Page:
California’s Department of Education counts suspensions as incidents in which a student is temporarily barred from attending school (which excludes in-school suspensions).
Among the state’s largest counties, there was a great deal of variation. Sacramento schools suspended 7 percent of its students in 2013, twice the rate of the Los Angeles County schools. Orange County and Santa Clara County posted the lowest suspension rates, with 3.2 per 100.
Research on student engagement, academic success, dropout, and graduation rates has shown the need to replace exclusionary discipline practices, such as suspensions and expulsions, with alternatives that keep students in school and accountable.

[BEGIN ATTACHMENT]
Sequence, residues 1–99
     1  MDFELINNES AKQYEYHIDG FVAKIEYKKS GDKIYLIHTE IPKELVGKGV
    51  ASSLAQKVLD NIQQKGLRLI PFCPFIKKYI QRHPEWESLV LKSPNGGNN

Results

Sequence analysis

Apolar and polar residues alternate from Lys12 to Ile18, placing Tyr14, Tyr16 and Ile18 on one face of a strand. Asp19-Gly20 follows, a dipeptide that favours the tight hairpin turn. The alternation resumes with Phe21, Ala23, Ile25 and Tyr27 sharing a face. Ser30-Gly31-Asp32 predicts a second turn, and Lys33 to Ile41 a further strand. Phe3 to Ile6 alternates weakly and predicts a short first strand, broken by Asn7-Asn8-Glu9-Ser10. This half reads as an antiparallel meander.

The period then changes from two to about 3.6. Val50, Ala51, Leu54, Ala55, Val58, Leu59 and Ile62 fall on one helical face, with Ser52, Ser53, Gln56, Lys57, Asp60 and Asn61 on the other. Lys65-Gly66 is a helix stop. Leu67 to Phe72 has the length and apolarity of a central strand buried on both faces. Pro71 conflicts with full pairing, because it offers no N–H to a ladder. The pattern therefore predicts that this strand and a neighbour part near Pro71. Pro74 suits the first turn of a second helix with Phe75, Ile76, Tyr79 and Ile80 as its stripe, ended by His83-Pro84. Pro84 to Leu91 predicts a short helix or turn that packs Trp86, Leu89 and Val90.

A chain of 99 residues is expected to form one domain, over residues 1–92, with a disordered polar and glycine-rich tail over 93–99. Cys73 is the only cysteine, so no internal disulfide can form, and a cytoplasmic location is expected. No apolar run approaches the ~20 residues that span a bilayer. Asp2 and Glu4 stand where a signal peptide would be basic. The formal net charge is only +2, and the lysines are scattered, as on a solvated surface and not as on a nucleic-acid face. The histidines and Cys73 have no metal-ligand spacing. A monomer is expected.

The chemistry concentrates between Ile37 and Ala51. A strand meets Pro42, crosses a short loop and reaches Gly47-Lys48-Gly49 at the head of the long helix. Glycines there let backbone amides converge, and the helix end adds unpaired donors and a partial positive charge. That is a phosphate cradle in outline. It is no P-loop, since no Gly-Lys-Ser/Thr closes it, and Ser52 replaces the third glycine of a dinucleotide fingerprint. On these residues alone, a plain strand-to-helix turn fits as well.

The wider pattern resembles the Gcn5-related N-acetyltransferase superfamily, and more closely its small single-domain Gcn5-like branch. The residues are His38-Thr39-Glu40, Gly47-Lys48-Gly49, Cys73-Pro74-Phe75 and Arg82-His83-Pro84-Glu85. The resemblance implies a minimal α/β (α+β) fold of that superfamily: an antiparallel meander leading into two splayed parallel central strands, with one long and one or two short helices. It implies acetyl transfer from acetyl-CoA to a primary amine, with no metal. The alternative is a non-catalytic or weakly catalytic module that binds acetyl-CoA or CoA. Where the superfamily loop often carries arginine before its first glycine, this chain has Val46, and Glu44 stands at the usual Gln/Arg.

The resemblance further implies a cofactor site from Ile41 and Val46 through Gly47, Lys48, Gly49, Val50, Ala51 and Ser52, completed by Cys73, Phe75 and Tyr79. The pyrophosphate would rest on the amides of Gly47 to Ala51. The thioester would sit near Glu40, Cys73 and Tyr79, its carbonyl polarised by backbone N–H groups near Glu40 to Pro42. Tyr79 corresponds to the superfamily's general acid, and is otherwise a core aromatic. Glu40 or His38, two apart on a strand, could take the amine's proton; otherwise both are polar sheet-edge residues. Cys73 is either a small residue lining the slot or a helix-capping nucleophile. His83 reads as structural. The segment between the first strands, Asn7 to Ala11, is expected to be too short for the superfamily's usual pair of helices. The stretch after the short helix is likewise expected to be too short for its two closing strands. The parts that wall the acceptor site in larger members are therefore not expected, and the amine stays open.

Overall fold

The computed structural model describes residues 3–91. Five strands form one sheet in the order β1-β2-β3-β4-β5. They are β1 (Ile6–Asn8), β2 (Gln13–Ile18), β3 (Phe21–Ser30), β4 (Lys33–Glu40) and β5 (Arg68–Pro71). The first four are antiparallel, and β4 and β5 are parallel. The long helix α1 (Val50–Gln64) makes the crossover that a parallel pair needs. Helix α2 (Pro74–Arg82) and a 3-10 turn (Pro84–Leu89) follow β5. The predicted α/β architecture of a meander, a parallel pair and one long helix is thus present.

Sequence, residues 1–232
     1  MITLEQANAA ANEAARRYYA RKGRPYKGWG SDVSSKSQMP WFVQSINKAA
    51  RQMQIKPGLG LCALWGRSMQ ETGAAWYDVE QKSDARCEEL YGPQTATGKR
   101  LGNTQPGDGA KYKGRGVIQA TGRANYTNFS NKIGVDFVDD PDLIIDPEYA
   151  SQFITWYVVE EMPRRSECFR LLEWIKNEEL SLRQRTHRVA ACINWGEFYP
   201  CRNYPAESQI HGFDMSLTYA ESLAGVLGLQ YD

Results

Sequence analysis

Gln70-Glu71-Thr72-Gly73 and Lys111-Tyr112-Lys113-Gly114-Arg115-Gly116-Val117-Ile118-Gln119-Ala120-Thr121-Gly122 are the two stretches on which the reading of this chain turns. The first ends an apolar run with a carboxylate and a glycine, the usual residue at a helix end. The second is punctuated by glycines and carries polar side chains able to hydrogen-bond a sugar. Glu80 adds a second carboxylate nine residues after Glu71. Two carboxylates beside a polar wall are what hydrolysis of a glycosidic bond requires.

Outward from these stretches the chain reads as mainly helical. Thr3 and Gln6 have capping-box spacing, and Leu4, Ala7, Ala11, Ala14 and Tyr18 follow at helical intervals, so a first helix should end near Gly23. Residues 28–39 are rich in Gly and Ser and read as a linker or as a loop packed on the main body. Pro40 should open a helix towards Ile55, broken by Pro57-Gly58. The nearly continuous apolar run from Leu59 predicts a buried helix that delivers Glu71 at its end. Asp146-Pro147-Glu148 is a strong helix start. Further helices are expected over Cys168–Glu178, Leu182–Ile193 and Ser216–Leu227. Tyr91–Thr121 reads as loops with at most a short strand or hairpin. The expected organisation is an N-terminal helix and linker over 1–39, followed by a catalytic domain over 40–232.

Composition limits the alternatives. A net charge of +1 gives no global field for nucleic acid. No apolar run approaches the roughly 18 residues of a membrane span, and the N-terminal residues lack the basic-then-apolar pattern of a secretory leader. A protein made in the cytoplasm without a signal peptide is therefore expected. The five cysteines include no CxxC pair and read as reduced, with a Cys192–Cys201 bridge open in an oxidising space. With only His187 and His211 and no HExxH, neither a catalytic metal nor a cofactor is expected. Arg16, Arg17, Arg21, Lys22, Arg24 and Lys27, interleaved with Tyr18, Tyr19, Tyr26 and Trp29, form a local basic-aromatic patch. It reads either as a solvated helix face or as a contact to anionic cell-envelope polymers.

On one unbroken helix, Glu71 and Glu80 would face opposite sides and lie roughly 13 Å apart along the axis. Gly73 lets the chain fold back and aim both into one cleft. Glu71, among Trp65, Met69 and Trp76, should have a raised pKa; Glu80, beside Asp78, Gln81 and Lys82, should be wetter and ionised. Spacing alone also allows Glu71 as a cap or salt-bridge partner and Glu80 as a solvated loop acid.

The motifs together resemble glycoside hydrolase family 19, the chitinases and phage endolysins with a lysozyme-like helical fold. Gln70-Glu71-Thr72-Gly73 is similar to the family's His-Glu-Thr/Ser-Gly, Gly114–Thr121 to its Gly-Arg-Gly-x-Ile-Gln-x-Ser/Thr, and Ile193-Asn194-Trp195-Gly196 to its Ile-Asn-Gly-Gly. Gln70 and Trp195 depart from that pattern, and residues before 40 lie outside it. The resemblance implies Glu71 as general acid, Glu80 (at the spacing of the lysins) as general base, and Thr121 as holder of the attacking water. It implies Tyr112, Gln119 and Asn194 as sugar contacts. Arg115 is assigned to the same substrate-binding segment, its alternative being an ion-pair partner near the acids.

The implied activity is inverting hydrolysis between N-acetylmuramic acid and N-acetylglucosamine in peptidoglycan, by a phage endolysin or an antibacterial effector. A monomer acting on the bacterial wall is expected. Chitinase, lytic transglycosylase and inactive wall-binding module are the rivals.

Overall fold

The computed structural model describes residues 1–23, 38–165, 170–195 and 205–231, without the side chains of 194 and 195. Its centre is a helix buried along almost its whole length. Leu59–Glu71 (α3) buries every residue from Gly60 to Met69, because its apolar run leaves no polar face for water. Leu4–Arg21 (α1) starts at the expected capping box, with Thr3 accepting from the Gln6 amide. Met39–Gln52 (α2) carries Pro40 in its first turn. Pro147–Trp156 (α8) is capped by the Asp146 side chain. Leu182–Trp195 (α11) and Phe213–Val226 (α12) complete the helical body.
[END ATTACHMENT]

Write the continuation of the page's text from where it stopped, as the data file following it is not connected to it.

The U.S. Department of Justice and Department of Education forged a joint school discipline initiative on the heels of “Breaking School’s Rules,” a major study of Texas school discipline that found 31 percent of students received an out-of-school suspension.